Haitian migrants await flights to destinations such as New York, Boston, and Miami from the airport in San Antonio, Texas (Ilana Panich-Linsman/New York Times)
UPDATE, SEPT 27:
The Del Rio camp in southern Texas has been cleared of the 15,000 Haitians who gathered there, hoping for immigrant status in the US.
On Sunday, Homeland Secretary Alejandro Mayorkas defended the deportation of about 4,000 migrants, some of whom have not lived in Haiti for years, using the Title 42 provision for the Coronavirus pandemic.
The Centers for Disease Control [and Prevention, or CDC] has a Title 42 authority that we exercise to protect the migrants themselves, to protect the local communities, our personnel and the American public.
The pandemic is not behind us. Title 42 is a public health policy, not an immigration policy.
He did not explain why some Haitians were expelled because of a supposed threat, while thousands were flown to other US cities to await hearings.
More than 30 public health experts wrote Mayorkas and Centers for Disease Control head Rochelle Walensky earlier this month that Title 42 was “scientifically baseless and politically motivated”.
They noted, “The absence of effective Covid-19 mitigation services at the border and the expulsion of people to situations in which they may be exposed to Covid-19 and unable to practice prevention are contrary to the US government commitment to address Covid-19 globally.”
ORIGINAL ENTRY, SEPT 24: As the Biden Administration distances itself from horse-riding Border Patrol agents who chased Haitian migrants, thousands of migrants have been deported from the Taxas camp — but thousands have been transferred to other parts of the state and the US.
Almost 2,000 have been moved from Del Rio, where 15,000 migrants gathered in a camp near a highway overpass, to Houston this week.
In Houston, nearly 2,000 Haitian migrants have arrived this week from the small border community of Del Rio, with buses pulling up to a huge shelter nearly every hour. In San Antonio, hundreds more have flown to destinations such as New York, Boston, and Miami.
Inso Isaac, 40, who left Haiti years ago to live in Chile, said, “We are so happy to be in America. We want to start a new life here.” He, his wife, and their 2-year-old son cross several Latin American countries to arrive last week in Del Rio. They flew to New York on Wednesday, where they will stay with relatives on Long Island.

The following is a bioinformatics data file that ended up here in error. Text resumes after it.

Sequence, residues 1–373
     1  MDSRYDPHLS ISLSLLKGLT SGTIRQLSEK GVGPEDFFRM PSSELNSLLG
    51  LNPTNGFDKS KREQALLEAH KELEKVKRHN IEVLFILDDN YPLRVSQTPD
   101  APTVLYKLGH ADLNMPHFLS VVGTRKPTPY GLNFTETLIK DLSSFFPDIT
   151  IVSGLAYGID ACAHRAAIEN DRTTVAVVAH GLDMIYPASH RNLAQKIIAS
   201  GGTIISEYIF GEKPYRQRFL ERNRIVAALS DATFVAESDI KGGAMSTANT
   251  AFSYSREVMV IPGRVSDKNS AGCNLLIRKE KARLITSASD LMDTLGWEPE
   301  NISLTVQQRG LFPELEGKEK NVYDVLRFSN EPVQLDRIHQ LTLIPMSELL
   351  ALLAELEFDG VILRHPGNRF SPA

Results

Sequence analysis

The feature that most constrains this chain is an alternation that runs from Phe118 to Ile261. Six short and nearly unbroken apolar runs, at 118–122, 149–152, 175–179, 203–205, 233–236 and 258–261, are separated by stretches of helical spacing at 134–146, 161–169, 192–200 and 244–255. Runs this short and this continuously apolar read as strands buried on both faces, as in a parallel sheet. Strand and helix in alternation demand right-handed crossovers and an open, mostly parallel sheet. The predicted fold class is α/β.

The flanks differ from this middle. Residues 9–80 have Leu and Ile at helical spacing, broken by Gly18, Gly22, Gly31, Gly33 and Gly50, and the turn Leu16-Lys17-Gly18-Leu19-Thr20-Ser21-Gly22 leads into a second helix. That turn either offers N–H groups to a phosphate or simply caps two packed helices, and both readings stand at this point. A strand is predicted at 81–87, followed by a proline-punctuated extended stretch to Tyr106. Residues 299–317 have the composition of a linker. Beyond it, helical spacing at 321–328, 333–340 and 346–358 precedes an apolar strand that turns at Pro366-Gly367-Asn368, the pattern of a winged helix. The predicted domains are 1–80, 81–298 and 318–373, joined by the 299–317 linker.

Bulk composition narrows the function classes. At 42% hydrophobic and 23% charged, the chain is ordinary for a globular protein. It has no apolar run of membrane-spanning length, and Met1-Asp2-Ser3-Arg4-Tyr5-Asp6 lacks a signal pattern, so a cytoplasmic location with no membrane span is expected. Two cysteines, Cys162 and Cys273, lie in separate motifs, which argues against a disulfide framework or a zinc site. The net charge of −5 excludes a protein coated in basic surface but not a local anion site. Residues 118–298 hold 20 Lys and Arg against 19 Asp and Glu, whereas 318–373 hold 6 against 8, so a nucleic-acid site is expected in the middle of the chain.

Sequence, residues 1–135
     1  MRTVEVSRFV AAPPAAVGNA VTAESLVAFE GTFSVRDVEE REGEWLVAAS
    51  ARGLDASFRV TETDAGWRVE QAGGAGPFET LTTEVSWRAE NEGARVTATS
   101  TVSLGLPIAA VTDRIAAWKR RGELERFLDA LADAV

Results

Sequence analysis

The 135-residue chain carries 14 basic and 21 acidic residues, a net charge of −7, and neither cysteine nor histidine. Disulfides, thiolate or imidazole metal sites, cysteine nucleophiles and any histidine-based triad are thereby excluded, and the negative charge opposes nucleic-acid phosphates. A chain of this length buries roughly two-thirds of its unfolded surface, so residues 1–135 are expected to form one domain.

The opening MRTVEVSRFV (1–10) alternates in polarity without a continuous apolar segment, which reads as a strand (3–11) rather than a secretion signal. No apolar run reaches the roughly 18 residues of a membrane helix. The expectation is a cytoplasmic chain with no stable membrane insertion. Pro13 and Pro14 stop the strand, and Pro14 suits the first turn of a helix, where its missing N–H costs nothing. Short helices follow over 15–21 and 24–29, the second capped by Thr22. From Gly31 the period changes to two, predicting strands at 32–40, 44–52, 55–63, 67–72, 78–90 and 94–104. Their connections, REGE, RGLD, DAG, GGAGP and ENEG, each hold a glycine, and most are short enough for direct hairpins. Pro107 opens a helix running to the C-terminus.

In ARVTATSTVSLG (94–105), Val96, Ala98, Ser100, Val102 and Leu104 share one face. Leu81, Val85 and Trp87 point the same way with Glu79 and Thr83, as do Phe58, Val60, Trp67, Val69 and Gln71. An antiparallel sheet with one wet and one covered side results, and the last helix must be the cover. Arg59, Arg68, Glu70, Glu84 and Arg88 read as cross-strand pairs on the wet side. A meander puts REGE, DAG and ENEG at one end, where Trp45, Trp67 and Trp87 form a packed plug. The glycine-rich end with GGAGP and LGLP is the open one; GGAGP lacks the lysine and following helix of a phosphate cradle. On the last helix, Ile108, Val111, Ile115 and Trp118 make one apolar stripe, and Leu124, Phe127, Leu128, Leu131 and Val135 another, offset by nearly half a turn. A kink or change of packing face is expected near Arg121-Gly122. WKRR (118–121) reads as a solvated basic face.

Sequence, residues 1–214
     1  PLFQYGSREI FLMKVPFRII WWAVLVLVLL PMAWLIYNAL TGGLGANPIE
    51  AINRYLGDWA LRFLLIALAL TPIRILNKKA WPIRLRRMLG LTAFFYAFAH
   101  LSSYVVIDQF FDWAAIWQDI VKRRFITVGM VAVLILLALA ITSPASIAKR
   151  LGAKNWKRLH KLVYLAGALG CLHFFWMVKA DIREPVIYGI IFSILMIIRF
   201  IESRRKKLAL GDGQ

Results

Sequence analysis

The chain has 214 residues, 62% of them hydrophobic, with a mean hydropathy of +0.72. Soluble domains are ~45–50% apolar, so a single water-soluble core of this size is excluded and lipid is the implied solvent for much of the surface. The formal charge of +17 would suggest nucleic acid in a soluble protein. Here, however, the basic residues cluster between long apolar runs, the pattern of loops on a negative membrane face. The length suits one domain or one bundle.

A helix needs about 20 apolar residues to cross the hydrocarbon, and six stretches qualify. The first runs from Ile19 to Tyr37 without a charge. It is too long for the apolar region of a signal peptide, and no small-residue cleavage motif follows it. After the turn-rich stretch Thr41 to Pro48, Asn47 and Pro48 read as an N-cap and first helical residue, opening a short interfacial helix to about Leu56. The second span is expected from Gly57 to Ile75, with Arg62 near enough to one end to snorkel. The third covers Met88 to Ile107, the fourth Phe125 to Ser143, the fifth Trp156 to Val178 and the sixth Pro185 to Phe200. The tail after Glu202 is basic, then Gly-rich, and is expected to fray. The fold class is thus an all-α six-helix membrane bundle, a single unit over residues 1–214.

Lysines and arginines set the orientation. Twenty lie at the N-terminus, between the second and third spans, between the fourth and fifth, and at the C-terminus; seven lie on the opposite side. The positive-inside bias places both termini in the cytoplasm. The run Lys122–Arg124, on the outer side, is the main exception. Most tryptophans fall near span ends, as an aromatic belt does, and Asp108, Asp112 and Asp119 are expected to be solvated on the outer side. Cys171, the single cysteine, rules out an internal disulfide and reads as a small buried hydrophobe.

At the same time, about 2,000 Haitians have been deported on chartered flights to their native country, even though some of them have not been there for years.
Press Secretary Jen Psaki said on Thursday that officials were removing single adults and migrant families. However, But pregnant women and families with young children were remaining in the US because some countries will not take deportee families with young, vulnerable children.
UNICEF estimated that more than two in three Haitian migrants who have been returned to Haitian capital Port-au-Prince are women and children.
About 40% of the deportees are families, according to a Department of Homeland Security official.
Isaac said from the Houston airport, “I felt bad, because we all came here for the same reasons. I knew not everyone was going to make it through. We were lucky.”
“Inhumane, Counterproductive Decision”
On Thursday, the Department of Homeland Security said the horse patrol unit in Del Rio has been temporarily suspended, with an investigation of the pursuit of migrants.
But the US special envoy to Haiti, Daniel Foote, resigned in protest over the deportations. He wrote Secretary of State Antony Blinken:
I will not be associated with the United States’ inhumane, counterproductive decision to deport thousands of Haitian refugees and illegal immigrants to Haiti, a country where American officials are confined to secure compounds because of the danger posed by armed gangs to daily life.
Foote was appointed in July after the assassination of Haitian President Jovenel Moïse.
1/8 Daniel Foote's resignation letter from @StateDept Haiti envoy position (to @SecBlinken) may be best critique of US Haiti policy by a US envoy since Frederick Douglass in 1893. https://t.co/geBEdn3R7E
— Brian Concannon (@HaitiJustice) September 23, 2021